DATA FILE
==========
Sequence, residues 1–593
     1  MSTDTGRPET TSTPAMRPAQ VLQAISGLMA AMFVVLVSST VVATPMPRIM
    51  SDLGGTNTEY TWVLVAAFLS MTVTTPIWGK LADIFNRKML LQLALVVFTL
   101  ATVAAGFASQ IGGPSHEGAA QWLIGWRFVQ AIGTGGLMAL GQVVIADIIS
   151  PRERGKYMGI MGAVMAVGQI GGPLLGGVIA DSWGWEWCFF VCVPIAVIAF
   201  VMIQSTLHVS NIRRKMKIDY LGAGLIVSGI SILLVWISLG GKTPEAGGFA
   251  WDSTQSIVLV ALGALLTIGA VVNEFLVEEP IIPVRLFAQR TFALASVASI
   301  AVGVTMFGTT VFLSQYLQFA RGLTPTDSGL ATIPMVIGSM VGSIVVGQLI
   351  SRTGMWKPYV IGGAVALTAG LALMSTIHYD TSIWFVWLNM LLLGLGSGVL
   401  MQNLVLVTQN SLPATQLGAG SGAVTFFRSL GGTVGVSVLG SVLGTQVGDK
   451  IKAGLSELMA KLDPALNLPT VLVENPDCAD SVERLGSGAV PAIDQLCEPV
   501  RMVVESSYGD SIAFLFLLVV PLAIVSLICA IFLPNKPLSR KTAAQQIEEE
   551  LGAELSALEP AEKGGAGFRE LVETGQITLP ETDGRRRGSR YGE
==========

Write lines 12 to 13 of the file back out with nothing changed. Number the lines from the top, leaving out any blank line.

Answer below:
   501  RMVVESSYGD SIAFLFLLVV PLAIVSLICA IFLPNKPLSR KTAAQQIEEE
   551  LGAELSALEP AEKGGAGFRE LVETGQITLP ETDGRRRGSR YGE